Mr. IGOE. What was the thought back of this limitation as to the amount of dividends?

Mr. MILLER. The thought was this, Congressman, that it seems that in some farm organizations the farmers contribute to the capital invested in unequal proportions. Some of the more able farmers may contribute $1,000, and some tenant farmers may contribute only $5, and therefore that there should be a dividend on stock in order that the larger contributor to the capital might receive some return, and they thought that the words "not intended for profit,” would mean that there could be no dividends paid.

Mr. IGOE. What I am trying to get at, Mr. Miller, is this: Are you undertaking to limit the amount of dividends that will be paid ?

Mr. MILLER. Yes, sir.
Mr. IGOE. What is the reason for that limitation ?

Mr. Miller. In order that there may be no possible temptation for the association to become, as an association, a profit making one, but that the entire revenues of the association shall be enough and only enough to pay the operating expenses, and that every cent of the proceeds of the sales beyond that should go back to the producer in the exact proportion he has contributed the commodity.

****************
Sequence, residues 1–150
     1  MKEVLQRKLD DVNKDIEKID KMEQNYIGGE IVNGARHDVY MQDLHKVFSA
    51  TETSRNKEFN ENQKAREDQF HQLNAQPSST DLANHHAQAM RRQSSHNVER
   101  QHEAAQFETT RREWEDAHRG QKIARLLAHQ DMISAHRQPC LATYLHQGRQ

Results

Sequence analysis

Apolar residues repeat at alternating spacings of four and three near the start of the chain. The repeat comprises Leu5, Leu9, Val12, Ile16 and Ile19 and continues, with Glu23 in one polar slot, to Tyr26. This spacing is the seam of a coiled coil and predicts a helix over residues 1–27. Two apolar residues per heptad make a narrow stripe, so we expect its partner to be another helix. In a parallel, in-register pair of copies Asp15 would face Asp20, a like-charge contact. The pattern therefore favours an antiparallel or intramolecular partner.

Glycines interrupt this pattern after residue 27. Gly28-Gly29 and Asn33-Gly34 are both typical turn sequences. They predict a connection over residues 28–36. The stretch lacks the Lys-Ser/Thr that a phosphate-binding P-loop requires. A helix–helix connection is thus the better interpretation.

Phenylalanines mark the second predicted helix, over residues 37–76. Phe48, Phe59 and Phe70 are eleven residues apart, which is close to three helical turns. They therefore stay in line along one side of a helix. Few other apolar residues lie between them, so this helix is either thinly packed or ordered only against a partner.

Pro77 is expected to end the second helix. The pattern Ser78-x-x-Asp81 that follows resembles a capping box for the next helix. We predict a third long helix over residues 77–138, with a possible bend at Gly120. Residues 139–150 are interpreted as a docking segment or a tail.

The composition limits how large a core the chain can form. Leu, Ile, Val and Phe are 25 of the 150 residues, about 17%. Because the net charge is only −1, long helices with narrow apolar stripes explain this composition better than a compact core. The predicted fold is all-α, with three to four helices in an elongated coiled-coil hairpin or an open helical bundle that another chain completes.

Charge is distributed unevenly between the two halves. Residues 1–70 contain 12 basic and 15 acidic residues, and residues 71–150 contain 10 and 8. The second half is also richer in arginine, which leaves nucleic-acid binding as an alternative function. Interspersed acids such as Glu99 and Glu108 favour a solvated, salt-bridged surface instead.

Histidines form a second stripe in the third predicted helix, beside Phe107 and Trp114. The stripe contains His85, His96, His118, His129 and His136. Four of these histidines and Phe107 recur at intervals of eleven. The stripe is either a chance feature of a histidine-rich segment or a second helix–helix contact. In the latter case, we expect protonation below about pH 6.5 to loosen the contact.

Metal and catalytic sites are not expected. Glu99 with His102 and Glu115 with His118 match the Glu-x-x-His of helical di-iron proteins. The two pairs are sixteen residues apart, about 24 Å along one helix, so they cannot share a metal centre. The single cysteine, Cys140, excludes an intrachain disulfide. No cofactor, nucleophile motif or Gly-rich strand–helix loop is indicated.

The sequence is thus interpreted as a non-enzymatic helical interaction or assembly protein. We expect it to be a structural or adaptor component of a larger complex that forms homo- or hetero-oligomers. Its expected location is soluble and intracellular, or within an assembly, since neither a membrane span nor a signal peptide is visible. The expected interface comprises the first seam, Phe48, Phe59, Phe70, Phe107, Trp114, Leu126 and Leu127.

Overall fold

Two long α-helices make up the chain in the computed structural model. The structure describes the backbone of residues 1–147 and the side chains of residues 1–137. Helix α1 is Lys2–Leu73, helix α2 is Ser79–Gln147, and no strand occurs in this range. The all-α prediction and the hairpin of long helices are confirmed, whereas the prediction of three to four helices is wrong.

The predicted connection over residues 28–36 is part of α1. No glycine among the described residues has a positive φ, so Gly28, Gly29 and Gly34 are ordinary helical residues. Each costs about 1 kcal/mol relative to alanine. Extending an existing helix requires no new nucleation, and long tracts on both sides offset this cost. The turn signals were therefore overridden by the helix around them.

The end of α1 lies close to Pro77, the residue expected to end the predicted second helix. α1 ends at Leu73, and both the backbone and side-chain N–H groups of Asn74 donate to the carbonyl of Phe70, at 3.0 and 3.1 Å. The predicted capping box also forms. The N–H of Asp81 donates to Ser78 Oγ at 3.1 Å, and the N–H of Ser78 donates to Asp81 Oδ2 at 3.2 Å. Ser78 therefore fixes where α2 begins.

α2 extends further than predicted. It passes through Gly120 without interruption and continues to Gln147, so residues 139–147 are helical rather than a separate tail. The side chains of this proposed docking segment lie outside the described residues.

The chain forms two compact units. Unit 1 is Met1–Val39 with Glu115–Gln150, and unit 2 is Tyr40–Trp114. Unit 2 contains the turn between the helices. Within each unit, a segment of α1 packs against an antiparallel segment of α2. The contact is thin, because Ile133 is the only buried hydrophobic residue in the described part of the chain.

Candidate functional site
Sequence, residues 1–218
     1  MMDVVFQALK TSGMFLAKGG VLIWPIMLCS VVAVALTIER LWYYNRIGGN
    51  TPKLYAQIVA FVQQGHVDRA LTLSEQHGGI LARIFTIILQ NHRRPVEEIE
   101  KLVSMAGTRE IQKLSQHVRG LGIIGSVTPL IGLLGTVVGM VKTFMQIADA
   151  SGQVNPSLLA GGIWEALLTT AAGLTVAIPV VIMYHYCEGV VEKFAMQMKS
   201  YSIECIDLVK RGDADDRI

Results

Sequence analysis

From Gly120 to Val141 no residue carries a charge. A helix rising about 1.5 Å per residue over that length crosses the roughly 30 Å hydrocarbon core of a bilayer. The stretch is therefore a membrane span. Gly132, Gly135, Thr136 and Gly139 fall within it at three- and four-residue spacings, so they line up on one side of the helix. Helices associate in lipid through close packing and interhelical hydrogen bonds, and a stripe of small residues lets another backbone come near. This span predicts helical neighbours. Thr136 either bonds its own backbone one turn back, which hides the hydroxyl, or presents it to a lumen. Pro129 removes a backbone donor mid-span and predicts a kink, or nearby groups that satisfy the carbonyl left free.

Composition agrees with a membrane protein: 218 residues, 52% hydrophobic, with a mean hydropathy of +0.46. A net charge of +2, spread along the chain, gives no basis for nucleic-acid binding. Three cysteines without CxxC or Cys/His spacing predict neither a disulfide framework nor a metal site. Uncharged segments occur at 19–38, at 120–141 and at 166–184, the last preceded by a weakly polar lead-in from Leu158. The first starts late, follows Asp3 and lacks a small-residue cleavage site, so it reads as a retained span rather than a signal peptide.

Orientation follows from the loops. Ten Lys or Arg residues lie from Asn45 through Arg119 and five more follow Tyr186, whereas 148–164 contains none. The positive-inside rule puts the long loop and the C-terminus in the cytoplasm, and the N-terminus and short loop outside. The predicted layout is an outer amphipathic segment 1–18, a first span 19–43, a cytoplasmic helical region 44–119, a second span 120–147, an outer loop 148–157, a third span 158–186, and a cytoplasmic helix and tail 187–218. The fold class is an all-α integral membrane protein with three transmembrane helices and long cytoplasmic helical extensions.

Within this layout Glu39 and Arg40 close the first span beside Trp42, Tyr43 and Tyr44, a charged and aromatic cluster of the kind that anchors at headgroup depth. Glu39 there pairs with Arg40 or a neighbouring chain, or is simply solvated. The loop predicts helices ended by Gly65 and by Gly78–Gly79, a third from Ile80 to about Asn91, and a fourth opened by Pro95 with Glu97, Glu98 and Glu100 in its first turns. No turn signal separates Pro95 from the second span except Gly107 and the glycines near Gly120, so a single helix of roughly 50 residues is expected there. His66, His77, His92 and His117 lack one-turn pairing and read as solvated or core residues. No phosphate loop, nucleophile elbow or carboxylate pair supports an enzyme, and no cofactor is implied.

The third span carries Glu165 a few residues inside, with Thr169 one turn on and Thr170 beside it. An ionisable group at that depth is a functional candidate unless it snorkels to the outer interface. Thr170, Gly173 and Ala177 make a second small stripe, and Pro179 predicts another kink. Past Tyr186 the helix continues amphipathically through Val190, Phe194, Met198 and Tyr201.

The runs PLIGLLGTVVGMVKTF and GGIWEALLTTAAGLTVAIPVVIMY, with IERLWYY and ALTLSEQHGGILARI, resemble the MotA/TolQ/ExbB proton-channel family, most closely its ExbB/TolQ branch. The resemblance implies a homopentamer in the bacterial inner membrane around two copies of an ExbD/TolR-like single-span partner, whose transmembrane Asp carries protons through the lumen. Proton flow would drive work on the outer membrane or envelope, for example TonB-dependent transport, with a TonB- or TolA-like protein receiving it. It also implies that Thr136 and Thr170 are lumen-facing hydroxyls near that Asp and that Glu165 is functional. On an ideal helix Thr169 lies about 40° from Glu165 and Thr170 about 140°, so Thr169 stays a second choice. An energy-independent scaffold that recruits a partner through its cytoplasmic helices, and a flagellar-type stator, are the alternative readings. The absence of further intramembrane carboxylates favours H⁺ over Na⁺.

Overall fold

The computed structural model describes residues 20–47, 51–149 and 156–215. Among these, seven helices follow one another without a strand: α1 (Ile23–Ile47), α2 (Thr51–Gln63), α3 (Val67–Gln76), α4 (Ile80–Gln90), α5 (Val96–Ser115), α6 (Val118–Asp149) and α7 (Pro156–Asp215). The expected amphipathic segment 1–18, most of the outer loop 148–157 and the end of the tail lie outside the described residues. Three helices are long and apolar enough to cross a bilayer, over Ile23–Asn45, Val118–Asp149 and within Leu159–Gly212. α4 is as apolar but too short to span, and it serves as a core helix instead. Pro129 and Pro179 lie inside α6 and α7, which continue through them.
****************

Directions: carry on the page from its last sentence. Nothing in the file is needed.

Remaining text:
Mr. IGOE. To follow that up thoroughly, it would be necessary for Congress, would it not, as suggested, perhaps, in railroad legislation, to control the stock issues and the value that might be put in for which stock would be returned ?

Mr. MILLER. Congressman, would it be entirely satisfactory to you if I touch upon that a little later in my argument? I think I will save the time of the committee, because I want to touch upon that in explanation of an organization the operation of which I want to explain to you.

Mr. IGOE. All right.